An important factor in any property investment is ensuring that you’re not paying more tax than you should be, and as the end of the financial year looms closer, many investors are turning their minds to their tax returns. But with the ATO increasingly turning its sights towards landlord tax deductions, it’s now more important than ever to ensure your expense claims are not only accurate, but allowed under the current tax laws.
To help take the guesswork out of deductions, we’ve assembled a list of the most common legitimate claims and the most common mistakes.
A good record keeping system will help you manage your organisation’s tax obligations and make it easier to report to the ATO. Generally, for tax purposes, you must keep records for five years. With assets such as investment property, the purchase records must be kept for up to 5 years after the sale date. That means that if you sold the investment property after 20 years, then the records will be required to be kept for 25 years.
Claiming interest as a deduction. If you take out a loan to help pay for your investment property, you may claim that interest as a deduction, but only the proportion of the loan which was actually used to buy the property. If you used some of the loan for personal use (e.g. pay for a holiday, wedding, new car etc) that proportion cannot be included in your claim.
Repairs or renovations? The costs associated with regular maintenance on existing parts of your property, or repairs to any damage or deterioration since you bought it, can be claimed immediately. On the other hand, renovations, extensions or repairing damage that existed when you bought the residence, are treated as capital works and should instead be claimed as depreciation over a number of years.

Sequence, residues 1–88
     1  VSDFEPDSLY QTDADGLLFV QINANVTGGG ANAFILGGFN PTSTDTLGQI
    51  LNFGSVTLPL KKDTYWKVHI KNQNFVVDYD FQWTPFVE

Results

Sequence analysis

As they are regarded as ongoing maintenance, the costs of paying a gardener or for pest control can also generally be deductable.
Rental property or holiday home? Unless you rent it out, a holiday home is regarded as a private asset and not an investment property, which means you cannot use it to claim deductions. However, if your holiday house is genuinely made available to the public for short-term rental, is normally available over holiday periods, and is kept in a condition that would make it attractive to holidaymakers, you should be able to treat it as an investment property. If your holiday home is used for both rental and personal use as well, then a portion of the deductions can be claimed.
Listing and management expenses. Often these are bundled where a rental manager handles the listing and vetting. Marketing your property, paying for photographers and copywriters, and then paying ongoing fees for a property manager are legitimate costs incurred in getting rental income for your property, and can generally be claimed. If you list with short-term sites such as Airbnb, any fees you pay should be deductable, as would cleaning and servicing costs.
Council rates, body corporate fees and land tax. Statutory fees such as council rates, water rates and land tax on investment properties are expenses incurred by your investment. While the latter is generally only deductable on land that generates an income, the Victorian State Government announced in its 2019 Budget, that if you own individual but adjoining titles, where one is occupied and the other is vacant land, then the vacant land will attract land tax. Therefore, it should follow that if the occupied block has a rental property on it, then the land tax on the vacant block should be deductable.
Similar to council rates, strata or body corporate fees can also be claimed on rental properties in most cases.
Insurance. If you own an apartment or property covered by a body corporate, the building’s insurance should be covered by your annual body corporate fees. What won’t be covered is your landlord insurance, for anything within your individual property, as well as rent losses and legal liabilities. If your property is freehold, then all insurance is your responsibility. As landlord, and (delete) private building and contents insurance is a business expense, it should be included in your deductions.